Lyme disease correlates with the waning fox population, not an increase in deer.
A twist in Lyme disease research. I’m Bob Hirshon and this is Science Update.
Coyotes and foxes, not deer, may be the key animals involved in Lyme disease. This according to wildlife ecologist Taal Levi, now at the Cary Institute for Ecosystem Studies. He explains that the ticks that transmit Lyme disease are called deer ticks, but they typically acquire the bacteria from small mammals like mice and chipmunks. Foxes prey heavily on those mammals, but in many places, foxes are losing territory to coyotes.
While at the University of California at Santa Cruz, Levi and his colleagues studied the relationship between the fox-coyote balance and Lyme disease in the Northeast and Midwest.
And those spatial patterns of coyote abundance and fox rarity really effectively predicted Lyme disease incidence.
Levi says the prevalence of deer, on the other hand, was unrelated to human disease rates. I’m Bob Hirshon for AAAS, the Science Society.
Making Sense of the Research
If you haven't heard of Lyme disease, you should probably learn about it. It's an illness caused by one of three different bacteria, transmitted to humans through tick bites. Early symptoms include fever, tiredness, headache, and a distinctive circular skin rash. The disease can be treated with antibiotics, if it's caught early enough. Left untreated, it can cause long-term disabilities. The disease often goes unnoticed because many of its symptoms are common, and because people often aren't aware of tick bites.
Lyme disease is found in many parts of the world, including North and South America, Europe, and the British Isles. In the U.S., it's most common in the Northeast and parts of the Upper Midwest, and to a lesser extent, in the Southeast and West Coast. The bacteria that cause Lyme disease live in different kinds of woodland mammals, and it's transmitted to humans through ticks that bite those animals as well as people. The tick most responsible for transmission on the U.S. East Coast is known as the deer tick, and indeed, it does bite deer. That's given deer a bad reputation for spreading Lyme disease, and some communities encourage deer hunting in order to keep deer populations down.
However, this study suggests we may be blaming the wrong animal. One of the key findings of Levi's research is that deer populations did not correlate with incidence of Lyme disease in the U.S., at least among areas where Lyme disease is common. In other words, the rates of human Lyme disease didn't have anything to do, statistically, with deer populations.
What Lyme disease rates did correlate with was the balance between red foxes and coyotes in a given area. The higher the fox population compared with coyotes, the lower the rates of Lyme disease. The reason for this provides a good lesson in ecology and the food web. Levi explains that small rodents, like mice and chipmunks, are really the major carriers of Lyme disease bacteria. In many areas, red foxes prey on these rodents and keep their populations in check.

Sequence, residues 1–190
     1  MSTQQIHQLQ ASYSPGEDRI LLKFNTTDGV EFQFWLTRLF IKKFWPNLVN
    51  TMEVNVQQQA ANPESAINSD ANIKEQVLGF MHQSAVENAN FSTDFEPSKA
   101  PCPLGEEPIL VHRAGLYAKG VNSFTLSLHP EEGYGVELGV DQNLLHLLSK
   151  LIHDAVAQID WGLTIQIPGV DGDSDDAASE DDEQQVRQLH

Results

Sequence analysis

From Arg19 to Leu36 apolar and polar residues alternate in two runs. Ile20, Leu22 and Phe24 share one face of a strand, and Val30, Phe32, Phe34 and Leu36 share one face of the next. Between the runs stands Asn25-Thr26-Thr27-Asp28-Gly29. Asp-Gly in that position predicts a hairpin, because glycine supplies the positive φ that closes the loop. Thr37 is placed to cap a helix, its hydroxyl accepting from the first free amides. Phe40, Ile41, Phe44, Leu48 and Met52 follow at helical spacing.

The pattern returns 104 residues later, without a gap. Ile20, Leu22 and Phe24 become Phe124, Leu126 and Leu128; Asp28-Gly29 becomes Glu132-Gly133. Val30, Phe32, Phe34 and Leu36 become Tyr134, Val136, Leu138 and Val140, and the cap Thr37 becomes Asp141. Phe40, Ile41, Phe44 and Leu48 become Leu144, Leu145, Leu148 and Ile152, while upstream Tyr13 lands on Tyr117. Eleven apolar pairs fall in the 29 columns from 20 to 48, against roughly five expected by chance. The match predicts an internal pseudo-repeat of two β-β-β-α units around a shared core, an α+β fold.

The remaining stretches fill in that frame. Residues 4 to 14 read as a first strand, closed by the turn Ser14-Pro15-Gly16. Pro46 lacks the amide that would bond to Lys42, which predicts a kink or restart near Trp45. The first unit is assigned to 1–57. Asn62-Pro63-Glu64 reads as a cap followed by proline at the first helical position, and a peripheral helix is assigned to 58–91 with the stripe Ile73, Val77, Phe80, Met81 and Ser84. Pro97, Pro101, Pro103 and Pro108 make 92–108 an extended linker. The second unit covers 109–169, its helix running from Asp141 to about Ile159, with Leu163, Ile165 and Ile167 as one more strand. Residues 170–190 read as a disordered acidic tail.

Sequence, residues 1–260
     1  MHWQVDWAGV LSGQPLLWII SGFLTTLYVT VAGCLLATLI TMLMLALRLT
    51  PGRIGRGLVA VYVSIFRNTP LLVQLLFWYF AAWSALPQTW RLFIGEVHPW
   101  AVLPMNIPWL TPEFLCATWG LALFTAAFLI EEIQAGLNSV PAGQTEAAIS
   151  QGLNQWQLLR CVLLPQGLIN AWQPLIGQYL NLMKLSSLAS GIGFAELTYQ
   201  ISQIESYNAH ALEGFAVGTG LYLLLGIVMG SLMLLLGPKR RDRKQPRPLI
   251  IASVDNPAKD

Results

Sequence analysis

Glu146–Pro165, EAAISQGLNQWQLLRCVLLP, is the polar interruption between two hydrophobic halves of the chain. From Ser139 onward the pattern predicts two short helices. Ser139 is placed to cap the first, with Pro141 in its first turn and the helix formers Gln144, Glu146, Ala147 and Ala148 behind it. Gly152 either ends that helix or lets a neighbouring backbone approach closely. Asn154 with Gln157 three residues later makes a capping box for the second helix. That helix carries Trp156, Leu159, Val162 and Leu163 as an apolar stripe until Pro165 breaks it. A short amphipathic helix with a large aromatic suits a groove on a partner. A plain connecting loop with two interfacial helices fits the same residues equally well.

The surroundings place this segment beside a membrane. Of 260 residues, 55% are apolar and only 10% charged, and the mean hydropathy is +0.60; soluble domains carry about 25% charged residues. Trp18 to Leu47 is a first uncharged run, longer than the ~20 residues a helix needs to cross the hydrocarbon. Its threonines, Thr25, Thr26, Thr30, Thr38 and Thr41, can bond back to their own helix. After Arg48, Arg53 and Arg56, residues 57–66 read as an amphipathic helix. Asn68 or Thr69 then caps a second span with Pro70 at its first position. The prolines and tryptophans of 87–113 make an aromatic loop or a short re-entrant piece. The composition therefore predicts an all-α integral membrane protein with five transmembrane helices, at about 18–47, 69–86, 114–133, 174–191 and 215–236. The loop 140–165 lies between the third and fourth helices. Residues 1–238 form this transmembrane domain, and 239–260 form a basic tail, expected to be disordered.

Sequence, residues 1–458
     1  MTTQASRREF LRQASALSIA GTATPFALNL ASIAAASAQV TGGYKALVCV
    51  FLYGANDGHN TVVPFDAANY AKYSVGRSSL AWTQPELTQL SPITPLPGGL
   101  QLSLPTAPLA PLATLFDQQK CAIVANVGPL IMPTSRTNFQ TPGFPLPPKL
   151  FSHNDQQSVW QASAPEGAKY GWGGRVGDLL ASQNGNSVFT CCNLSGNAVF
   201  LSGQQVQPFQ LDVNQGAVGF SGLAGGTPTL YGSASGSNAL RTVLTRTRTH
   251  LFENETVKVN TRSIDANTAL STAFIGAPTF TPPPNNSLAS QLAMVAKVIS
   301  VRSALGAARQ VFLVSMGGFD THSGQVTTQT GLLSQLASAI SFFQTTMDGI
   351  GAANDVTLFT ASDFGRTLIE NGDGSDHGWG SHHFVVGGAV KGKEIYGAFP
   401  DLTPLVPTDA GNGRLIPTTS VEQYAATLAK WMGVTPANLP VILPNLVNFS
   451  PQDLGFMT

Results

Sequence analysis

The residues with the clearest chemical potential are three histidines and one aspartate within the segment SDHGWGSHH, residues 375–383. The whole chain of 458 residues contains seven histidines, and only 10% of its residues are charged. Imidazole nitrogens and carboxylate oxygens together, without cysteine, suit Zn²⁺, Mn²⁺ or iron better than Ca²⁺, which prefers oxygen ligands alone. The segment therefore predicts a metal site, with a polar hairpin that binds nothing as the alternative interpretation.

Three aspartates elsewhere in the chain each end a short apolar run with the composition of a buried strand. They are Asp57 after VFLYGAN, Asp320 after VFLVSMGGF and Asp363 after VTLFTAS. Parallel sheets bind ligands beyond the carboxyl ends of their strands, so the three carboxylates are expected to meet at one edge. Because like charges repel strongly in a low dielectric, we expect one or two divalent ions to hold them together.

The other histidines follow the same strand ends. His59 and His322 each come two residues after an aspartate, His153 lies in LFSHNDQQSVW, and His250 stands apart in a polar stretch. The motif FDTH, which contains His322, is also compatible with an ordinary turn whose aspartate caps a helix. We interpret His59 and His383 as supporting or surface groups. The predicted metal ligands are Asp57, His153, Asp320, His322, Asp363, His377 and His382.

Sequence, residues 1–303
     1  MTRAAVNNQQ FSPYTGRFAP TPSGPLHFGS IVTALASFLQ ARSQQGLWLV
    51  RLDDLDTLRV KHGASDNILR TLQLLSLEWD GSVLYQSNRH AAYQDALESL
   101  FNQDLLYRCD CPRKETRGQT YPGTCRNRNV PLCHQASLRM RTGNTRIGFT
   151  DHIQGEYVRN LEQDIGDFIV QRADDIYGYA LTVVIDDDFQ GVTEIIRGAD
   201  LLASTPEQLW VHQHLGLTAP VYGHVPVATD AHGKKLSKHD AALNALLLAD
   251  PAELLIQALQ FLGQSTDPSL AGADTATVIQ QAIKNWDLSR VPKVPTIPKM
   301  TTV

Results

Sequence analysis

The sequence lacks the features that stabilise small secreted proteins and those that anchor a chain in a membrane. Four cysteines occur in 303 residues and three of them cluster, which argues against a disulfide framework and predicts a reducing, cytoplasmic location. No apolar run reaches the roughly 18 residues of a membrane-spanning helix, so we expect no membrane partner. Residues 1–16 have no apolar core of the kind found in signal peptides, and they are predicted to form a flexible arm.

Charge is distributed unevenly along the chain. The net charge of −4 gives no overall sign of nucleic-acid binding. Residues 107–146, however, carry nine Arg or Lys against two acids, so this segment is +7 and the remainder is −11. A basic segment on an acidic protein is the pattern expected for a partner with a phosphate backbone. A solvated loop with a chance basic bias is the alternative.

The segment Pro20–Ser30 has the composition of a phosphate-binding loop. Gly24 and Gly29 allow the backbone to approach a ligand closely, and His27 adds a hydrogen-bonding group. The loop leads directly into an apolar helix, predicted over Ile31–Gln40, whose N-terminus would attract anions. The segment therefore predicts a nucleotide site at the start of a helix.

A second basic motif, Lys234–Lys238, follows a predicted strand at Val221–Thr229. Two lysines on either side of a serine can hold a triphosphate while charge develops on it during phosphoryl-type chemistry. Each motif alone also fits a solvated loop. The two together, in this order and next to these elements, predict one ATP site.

However, coyotes have recently begun taking over fox territories. Some of these coyotes have even cross-bred with wolves to create a new kind of top predator. These coyotes attack foxes that get in their way, since foxes compete for some of the same prey. Studies show that once coyotes move into an area, foxes steer clear of it.
But replacing foxes with coyotes isn't an equal exchange. For one thing, coyotes live in much less dense populations than foxes do. That means fewer predators over the same size area, which allows more of the prey animals to survive. What's more, although coyotes certainly eat small mammals, the ones that carry Lyme bacteria don't make up as large a percentage of their diet as they do in the foxes' diet. That also allows small mammals to thrive. Finally, the foxes themselves sometimes serve as a host for the Lyme bacteria, but they don't transmit it to ticks as efficiently as mice and chipmunks do.
As a result, with coyotes you get fewer predators, with less of a taste for the Lyme disease carriers, and fewer alternate carriers that don't affect humans as much. The most striking comparison in the study was between Eastern and Western New York state. In the east, where coyotes have invaded, human Lyme disease rates are much higher than in the west, where foxes still rule. The research shows that changes in an ecosystem can have far-reaching effects that almost always reach people.
Now try and answer these questions:
- What is Lyme disease? How is it transmitted?
- How do woodland mammals contribute to Lyme disease in humans?
- What are some of the ways in which surging coyote populations and dwindling fox populations have affected Lyme disease rates?
- How does this change perceptions of how the disease might be controlled?
You may want to check out the July 27, 2012, Science Update Podcast to hear further information about this Science Update and the other programs for that week. This podcast's topics include: Naked mole-rats defy old age, vampire spiders attack Franken-mosquitoes, dogs protect babies against asthma, what the genes of parrots reveal about speech, and the relationship between fox populations and Lyme disease.
Hear about other consequences of removing predators in the Science Update Predators and Plants.
In the National Geographic Xpeditions lesson Parasites and Disease, students can research some parasite-borne diseases like Lyme disease, and report on how parasites infect their hosts and how people are trying to reduce infection rates.